Renia White

Renia received her MFA from Cornell University where she’s a lecturer teaching writing. Winner of the 2016 Sonora Review poetry contest, her work appears or is forthcoming in The New Guard, Stone Canoe, The Offing, Prelude and elsewhere. In 2015, she received the Hurston/Wright award for college writers.

 

 

 

the first time

I once was trying to catch my bus on time,
not even mindfully carrying my sex
down a college street

when a troupe of boys asked me to wait up.
and of course, I didn’t, because five of them
would never mean well for one of me.

they were just boys then,
not even mindfully, to me,
white boys.

but one gained speed,
tapped my shoulder, complimented me
on my outfit or hair – some small nicety.
thanked him, but kept my pace.

  just trying to get to my bus on time,

I told him.

he halted. plooked back and his silence
held a “how dare you” so acute,
I dug into the clack of my boots
shaken.

resumed my march to the bus
I had to catch until

“stupid.ponigger.pobitch.”
grabbed my ankles

“stupid.ponigger.pobitch.”
just once.
ripe in the air I could feel it
the way a stench also tastes,

the way terror morphs sense,
I was learning.
poetrypoetrypeven terror
poetrypis a way of teaching.

but which goose of the five?

poetrypoetrypoetrypwho said it?

I cried, desperate to teach the air
to re-receive what it gave.

and I ached from having no word
for those boys,
now mindfully white.

a word so for them I could say it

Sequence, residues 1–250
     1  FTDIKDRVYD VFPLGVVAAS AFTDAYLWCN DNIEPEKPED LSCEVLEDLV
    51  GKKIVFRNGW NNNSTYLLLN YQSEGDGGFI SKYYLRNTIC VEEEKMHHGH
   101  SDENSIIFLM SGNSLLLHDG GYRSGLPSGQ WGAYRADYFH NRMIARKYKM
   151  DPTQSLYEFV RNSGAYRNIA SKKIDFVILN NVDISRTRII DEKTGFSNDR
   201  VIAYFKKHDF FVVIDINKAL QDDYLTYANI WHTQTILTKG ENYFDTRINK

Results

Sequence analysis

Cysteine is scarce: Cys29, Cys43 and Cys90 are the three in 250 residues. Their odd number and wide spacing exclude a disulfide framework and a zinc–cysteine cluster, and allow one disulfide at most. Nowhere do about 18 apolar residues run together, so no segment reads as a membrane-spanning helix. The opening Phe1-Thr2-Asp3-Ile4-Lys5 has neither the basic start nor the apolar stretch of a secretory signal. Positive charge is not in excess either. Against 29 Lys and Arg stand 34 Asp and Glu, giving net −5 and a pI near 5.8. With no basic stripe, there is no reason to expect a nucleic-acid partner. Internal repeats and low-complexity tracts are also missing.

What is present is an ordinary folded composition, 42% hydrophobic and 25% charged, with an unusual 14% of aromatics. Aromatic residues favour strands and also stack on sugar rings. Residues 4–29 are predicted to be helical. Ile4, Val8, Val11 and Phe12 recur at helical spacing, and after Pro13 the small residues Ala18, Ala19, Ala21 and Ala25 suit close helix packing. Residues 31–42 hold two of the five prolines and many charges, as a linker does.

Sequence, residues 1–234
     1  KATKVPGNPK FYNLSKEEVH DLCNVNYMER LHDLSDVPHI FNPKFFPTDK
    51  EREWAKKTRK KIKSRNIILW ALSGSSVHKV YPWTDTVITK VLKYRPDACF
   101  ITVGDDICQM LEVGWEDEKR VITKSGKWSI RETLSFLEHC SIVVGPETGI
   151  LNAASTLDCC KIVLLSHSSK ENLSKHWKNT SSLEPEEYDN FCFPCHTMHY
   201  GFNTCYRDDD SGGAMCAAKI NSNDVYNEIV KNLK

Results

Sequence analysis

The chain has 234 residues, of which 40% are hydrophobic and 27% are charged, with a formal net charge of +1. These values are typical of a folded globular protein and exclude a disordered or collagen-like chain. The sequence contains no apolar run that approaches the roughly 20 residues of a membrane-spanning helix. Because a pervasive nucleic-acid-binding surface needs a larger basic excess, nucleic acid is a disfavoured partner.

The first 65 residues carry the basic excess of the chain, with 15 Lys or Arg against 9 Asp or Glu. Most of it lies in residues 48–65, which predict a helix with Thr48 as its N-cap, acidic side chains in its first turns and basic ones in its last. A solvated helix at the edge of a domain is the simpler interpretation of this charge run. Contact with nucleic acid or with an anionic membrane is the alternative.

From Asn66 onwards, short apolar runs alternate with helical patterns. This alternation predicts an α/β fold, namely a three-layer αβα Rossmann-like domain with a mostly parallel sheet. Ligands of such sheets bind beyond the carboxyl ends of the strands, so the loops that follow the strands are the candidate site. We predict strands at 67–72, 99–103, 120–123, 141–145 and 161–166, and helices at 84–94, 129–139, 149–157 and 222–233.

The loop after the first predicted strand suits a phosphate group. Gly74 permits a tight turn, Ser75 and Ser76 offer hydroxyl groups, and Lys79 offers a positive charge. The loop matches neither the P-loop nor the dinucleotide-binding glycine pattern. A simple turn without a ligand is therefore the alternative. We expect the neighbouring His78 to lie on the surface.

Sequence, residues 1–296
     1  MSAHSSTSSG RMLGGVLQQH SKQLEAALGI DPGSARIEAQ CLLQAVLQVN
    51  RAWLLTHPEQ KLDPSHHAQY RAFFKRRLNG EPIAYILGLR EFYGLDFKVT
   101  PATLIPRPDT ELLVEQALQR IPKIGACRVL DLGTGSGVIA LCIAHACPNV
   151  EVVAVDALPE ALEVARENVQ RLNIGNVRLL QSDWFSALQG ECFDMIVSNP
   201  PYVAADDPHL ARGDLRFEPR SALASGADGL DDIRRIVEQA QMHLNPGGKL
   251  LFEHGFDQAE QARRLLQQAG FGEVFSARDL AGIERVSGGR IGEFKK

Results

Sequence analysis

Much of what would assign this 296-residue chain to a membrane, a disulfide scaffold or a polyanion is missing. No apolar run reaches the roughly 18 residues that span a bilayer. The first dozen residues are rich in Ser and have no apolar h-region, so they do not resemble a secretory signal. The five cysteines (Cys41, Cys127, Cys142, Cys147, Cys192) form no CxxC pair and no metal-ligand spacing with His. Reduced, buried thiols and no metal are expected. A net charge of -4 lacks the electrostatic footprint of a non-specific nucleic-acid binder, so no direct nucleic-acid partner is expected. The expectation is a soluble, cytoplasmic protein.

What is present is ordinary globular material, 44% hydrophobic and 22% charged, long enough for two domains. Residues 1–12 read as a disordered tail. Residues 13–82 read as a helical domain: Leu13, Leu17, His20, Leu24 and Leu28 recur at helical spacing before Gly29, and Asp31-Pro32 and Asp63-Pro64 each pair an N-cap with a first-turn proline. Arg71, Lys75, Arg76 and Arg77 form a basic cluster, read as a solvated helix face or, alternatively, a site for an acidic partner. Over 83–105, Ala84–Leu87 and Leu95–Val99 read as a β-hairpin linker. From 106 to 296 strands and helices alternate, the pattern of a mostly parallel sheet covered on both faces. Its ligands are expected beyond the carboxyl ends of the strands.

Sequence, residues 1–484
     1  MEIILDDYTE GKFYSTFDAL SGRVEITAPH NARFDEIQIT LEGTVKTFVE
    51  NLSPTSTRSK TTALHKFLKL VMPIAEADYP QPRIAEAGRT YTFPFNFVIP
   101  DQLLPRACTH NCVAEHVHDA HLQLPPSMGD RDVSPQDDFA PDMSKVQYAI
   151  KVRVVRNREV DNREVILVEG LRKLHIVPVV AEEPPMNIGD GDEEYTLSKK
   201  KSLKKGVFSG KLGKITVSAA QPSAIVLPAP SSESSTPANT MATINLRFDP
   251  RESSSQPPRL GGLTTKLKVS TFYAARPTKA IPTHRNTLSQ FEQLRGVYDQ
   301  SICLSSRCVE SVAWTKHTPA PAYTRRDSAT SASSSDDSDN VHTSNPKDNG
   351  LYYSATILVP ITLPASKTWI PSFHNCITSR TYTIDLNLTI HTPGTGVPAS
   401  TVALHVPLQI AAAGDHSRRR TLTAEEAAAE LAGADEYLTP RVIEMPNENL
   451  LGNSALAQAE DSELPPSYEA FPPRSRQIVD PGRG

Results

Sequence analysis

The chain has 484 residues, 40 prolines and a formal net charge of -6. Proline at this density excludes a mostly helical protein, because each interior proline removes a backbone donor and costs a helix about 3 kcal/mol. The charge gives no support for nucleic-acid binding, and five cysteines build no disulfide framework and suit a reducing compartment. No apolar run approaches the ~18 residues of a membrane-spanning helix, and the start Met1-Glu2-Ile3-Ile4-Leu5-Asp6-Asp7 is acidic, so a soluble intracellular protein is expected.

and never miss, watch them retrieve it
from my mouth
like a belonging.

buzzed anew with knowing,
thinking,

this must be how it felt
when they came with the gun.

 

 

you said you love cigars more than women ‘cause they don’t argue with
you

this is not where it begins. I would try, but
to always, by morning, feel your hand upon me,
silver and tooth slick, to always think; why
your people don’t come for you? watch you
swivel the wooden bowl ‘til I offer, to hear you
ask if I’m eating and, really, if you are, to feel you
slither into where I bury that night in the pool
after cognac and too deep too thick and too black,
you slipping my name into Nina, you saying
Ms. Simone is your girl, that I remind you of her
with my too deep. us in the water and too much
but not enough brown sweet to unfeel you
trying to enter me without warning,poetryhow foreign
a feeling familiar can feel when unasked for. you
tell me girl you created that yourself by denying you,
but I know some things just come from elsewhere.
and my nerve to smile and forgive so I don’t
think about it any longer. your hands in surrender,
your head nodding, jokingly, so no this isn’t where
it begins and you couldn’t love Nina or me, not when
you are capable of that kind of trying. I could try
too but it would always be that metallic taste
after smiling to keep from no never again in my bed
or prying open my fridge door. I’d always be trying
to dismiss, always trying to head shake it clean, to
always be more and more present, always asking
did something happen to me if it didn’t
get to happening?

 

 

something like a rapture, but less

a blessing of blades under our tongues,
sister pushing an unkempt stroller, its awning back,
an unlit Newport muffling her song

poetrypoetrypoetrywe took the bridge, a long way to go for this
poetrypoetrypoetrypoetryunplanned, so a miracle too.

that scarf in her hair: a chorus, a ripple of water,
her singing that tune, “blessed assurance, Jesus
is mine
poetrypoetrypoetrya refrain, a warning:

this is the last time we will be “poor county girls,”
so help us God, vaseline, the stroller’s crying
congregation.

and we met the devil herself on that bridge;
the one we were made of, the one we came for – broken
finger skin, torn mouth, nothing left to do but pray

poetrypoetrypo“Lord, we came to undo this girl,
poetrypoetrypoetrypoour error and filth.

stay with us.”

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